2. It’s valuable that you bring up the idea of context in your writing this week. Like you mentioned before, Siki did not simply present his clothes to us as if they had simply manifested from his mind into material objects, and further than that, he also gave us a deeper insight into his design process rather than just listing his inspirations or showing us a meaningless mood board. Your writing this week made me consider the ways we are interpreting the clothing from designers without actually seeing the clothing. I’m sure that as a designer, you are able to “read” clothes just by examining a garment’s construction, to an extent. Reflecting on the ways the Fashion Studies M.A. students benefited from experiencing the design student’s work firsthand, I wonder how our interpretations of the design speakers for Fashion Cultures would differ. What would we be discussing if we were able to experience the materiality of these objects under question? I really like your connection in this post to your own work with knit wear. It’s important to see how your ideas overlap or differ from the other designers as well as how your work relates to the speakers as you all all creating within a particular moment.

  3. Like Leren, I’m also really thrilled to see an image of your look. When we visited the studios, I was struck by your incredibly detailed knits, and the unique use of different weights and scale. You bring up Siki Im’s notion of architecture spanning mediums – from the literal, like buildings and infrastructure, to the more figurative, like garments and sculpture, is a provocative idea that challenges assumptions about design, for me. In the digital age, the idea of space – how we live in it, are touched by it, and can transcend it – is even further challenged by the infusion of the virtual into so much of our physical world. This does indeed border on a deeper meaning, which for the first time, I think was presented with absolute clarity by a designer to our classes.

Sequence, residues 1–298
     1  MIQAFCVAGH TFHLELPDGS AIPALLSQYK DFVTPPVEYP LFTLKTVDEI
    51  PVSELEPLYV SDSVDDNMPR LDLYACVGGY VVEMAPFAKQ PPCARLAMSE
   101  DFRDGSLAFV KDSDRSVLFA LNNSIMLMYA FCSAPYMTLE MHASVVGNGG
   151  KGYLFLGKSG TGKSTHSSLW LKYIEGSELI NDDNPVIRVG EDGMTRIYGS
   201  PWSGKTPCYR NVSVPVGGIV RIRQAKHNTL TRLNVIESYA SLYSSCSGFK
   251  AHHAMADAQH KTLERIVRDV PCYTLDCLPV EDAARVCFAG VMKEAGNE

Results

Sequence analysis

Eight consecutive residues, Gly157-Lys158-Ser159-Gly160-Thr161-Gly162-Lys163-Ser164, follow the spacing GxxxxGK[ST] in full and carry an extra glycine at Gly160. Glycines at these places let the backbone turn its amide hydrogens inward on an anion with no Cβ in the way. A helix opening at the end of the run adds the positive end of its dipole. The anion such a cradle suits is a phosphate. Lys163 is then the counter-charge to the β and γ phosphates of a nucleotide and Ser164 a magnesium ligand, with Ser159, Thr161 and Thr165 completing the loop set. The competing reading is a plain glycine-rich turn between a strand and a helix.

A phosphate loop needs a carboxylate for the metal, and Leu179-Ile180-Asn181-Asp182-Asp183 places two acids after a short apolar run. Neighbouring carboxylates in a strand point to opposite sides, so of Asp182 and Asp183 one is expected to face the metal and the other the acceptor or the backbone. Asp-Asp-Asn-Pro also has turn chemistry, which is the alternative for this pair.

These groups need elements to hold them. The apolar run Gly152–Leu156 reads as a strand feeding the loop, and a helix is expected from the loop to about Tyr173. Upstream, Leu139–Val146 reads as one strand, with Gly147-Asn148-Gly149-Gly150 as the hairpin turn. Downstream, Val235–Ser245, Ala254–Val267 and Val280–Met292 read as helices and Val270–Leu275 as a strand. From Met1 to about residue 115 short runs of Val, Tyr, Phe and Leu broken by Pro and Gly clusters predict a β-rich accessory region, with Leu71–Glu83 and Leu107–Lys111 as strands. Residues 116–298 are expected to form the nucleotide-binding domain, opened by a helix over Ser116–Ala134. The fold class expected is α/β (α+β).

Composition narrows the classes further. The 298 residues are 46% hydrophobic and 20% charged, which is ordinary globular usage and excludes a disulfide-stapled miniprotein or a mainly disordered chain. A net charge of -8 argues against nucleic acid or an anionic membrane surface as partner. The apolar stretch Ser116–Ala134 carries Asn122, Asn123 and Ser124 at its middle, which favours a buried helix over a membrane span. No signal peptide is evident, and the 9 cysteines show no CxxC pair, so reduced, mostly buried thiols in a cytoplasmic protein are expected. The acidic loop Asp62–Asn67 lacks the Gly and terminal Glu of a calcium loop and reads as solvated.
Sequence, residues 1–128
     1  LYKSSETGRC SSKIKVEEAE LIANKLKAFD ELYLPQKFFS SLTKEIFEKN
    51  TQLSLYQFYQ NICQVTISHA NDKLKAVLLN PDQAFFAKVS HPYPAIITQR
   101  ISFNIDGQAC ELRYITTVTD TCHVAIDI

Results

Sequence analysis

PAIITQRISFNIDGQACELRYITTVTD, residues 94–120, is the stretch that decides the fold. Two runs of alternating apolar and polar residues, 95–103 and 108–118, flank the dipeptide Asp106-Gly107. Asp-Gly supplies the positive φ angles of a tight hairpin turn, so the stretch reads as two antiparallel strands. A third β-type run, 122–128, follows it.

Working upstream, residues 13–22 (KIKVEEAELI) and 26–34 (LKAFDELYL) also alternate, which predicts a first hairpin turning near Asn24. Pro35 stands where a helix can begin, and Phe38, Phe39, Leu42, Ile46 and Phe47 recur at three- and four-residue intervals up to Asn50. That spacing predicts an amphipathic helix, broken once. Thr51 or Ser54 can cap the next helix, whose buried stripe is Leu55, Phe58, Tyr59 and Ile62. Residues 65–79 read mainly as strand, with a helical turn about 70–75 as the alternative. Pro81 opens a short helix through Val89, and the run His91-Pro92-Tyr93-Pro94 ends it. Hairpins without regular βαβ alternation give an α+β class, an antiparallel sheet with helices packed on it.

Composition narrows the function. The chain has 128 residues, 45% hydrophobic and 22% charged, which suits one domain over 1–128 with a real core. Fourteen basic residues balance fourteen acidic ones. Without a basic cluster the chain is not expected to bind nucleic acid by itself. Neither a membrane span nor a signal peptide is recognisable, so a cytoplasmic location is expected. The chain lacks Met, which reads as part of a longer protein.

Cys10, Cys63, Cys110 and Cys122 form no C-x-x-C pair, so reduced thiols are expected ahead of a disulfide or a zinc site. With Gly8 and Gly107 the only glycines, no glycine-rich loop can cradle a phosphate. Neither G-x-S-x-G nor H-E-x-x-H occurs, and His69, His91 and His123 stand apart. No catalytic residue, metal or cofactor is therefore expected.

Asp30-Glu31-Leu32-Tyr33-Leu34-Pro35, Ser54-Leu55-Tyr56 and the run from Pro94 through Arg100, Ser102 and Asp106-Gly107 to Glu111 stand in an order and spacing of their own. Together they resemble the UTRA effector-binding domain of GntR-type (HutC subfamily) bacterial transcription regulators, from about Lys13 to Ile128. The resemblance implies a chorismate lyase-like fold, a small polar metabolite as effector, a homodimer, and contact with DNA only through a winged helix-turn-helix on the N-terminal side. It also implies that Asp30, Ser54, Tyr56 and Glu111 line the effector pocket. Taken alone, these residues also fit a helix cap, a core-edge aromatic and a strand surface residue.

To bring it back to our classes and our interaction with each other as practitioners, your explanation of your work in this post as a fashion design student is so helpful for the MAFS students, because beyond the traditional ways in which we might see a designer’s perspective (so often presented and mediated by the journalist/publicist relationship) it is direct and personal, and related directly to you.

  4. Thank-you for sharing an image of your own work, Bjoerg, and giving us insight into your background in architecture. I appreciate how you discuss designing space – whether that be the physical spaces the garment designates around the body, or the built environments we inhabit. Going back to your question about whether an education in fashion is necessary to be called a “fashion designer,” you incite me to ask what kind of education qualifies. I think of Tom Ford, another architect. Is designing a label enough, and who decides who is labelled what? Great questions which hinge on our course theme, transgression.